Food allergies can lead to potentially life-threatening anaphylaxis as well as causing symptoms like vomiting and abdominal pain that affect your quality of life. If you suspect a food allergy, talk to Nana Mireku, MD, FACAAI, FAAAAI, of Texas AllergyMD in McKinney, Texas, about oral immunotherapy. Dr. Mireku specializes in innovative treatments like immunotherapy for food allergies, helping you develop a less sensitive immune system and avoid allergy symptoms. To find out how you could benefit from oral immunotherapy, call Texas AllergyMD today. You can also book your telehealth or in-person appointment online.
Oral immunotherapy involves feeding someone with a food allergy an increasing amount of the substance that triggers their allergic reaction. The aim is to get the person’s body used to the allergen very slowly to reduce the chances of an allergic reaction in daily life.
For example, if you have a peanut allergy, you would consume tiny amounts of peanut protein every day that were too small to trigger a reaction. Over the following months, you gradually have larger amounts of peanut protein, so your body becomes accustomed to it and stops causing food allergy symptoms.
You could benefit from oral immunotherapy if you experience food allergy symptoms such as:
You might experience some or all of these symptoms if you have a food allergy. You could be allergic to any food, but the most common ones include peanuts and tree nuts, wheat and soy, dairy and eggs, and fish and shellfish.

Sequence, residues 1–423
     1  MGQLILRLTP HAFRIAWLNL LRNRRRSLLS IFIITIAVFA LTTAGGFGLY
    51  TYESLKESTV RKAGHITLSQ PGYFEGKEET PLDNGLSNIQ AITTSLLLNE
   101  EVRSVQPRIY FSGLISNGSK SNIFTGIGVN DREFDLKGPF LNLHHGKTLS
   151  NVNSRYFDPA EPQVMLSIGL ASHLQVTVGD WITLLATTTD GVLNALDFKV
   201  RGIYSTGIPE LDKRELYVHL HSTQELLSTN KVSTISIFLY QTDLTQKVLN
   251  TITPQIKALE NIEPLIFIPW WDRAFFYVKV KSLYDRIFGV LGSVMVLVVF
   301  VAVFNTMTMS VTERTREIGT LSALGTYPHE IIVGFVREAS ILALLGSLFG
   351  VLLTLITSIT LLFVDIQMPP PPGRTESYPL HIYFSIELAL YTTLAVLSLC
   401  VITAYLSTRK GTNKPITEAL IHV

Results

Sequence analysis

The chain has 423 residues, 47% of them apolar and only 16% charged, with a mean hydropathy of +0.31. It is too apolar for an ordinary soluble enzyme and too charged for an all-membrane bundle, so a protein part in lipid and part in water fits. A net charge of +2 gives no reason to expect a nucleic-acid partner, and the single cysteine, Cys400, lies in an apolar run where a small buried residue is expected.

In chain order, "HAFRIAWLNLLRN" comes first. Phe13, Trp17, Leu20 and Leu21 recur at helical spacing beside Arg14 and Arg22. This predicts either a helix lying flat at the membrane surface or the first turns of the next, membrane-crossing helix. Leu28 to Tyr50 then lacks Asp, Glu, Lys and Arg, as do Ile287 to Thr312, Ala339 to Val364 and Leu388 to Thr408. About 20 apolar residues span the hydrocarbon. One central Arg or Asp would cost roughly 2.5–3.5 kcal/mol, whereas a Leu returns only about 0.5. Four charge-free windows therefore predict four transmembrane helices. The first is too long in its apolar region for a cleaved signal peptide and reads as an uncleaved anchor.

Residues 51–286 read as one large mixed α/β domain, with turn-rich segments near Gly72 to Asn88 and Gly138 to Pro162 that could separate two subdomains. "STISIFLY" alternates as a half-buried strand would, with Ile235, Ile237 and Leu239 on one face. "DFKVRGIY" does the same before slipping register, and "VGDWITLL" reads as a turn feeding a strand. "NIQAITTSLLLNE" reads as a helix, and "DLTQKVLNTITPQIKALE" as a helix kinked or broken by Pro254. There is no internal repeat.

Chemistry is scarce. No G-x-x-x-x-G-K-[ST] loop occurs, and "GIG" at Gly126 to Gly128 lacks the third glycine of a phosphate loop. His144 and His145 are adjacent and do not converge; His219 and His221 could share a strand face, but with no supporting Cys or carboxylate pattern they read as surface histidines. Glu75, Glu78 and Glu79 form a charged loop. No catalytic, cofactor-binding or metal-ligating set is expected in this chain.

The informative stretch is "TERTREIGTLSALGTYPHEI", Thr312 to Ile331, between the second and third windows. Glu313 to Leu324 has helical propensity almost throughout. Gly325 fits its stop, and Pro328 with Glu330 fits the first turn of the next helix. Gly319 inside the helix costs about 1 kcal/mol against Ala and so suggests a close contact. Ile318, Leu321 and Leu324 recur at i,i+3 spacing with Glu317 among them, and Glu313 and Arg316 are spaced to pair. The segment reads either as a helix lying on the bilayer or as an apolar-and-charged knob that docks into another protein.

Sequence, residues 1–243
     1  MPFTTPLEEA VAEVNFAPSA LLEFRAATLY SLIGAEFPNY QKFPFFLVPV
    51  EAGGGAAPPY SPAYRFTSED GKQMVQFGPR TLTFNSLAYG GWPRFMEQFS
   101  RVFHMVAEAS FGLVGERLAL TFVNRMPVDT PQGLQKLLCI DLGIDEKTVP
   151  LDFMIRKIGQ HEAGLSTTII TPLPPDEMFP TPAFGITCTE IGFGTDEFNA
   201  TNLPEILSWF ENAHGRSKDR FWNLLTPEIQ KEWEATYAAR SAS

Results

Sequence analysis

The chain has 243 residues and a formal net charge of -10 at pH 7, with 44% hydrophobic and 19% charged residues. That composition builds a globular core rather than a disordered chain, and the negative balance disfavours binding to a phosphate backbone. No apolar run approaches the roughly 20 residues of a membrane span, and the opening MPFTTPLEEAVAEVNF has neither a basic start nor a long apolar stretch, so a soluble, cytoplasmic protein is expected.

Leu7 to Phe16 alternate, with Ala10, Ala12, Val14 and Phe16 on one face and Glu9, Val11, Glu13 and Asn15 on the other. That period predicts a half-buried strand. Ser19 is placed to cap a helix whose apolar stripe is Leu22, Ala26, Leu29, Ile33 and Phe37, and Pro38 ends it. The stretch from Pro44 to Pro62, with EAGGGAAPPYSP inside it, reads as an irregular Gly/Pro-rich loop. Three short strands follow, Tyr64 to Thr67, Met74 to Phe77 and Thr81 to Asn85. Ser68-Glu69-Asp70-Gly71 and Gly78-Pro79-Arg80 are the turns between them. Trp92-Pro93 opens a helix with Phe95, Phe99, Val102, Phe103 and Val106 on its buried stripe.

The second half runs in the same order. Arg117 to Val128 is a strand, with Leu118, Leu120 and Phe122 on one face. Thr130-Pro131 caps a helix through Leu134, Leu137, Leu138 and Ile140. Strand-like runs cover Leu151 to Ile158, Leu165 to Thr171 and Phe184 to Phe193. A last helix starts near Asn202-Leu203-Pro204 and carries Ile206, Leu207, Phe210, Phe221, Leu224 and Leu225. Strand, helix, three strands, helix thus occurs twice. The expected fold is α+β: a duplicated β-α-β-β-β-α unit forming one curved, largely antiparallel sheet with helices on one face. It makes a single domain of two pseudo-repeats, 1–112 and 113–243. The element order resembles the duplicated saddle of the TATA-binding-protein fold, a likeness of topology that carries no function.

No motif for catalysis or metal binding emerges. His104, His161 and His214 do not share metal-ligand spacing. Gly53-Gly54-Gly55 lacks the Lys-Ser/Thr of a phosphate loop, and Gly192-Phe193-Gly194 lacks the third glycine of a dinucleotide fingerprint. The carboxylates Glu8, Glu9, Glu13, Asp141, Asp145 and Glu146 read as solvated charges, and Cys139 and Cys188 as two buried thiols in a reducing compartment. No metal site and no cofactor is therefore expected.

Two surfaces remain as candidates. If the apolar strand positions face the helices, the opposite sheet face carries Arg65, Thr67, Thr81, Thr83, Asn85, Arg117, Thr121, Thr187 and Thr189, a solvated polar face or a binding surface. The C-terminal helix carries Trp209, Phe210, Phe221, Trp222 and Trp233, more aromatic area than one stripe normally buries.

Accidental ingestion of these foods can sometimes trigger anaphylaxis if you have a severe allergy. This is a potentially life-threatening condition where your blood pressure drops, and you go into shock.
Currently, the most effective treatment for these allergies is to avoid the foods concerned and carry an epinephrine injector with you to combat anaphylaxis. Oral immunotherapy could help you avoid the more severe symptoms of food allergies, increasing the amount of an allergen your body can tolerate to prevent problems like anaphylaxis.
Immunotherapy doesn’t offer a quick fix for food allergies, as it takes time for your immune system’s sensitivity to the substance to fall.
All forms of immunotherapy last for many months, often several years, before they achieve a significant effect. Furthermore, studies indicate that the effects of food immunotherapy might wear off if you stop consuming your daily allergen dose.
Dr. Mireku can advise you on the best way to manage your oral immunotherapy for optimal results. She also provides an alternative to oral immunotherapy, called sublingual immunotherapy, which works similarly but involves putting drops under your tongue every day.
To find out more about oral immunotherapy and see if it would benefit you, call Texas AllergyMD today or book an appointment online.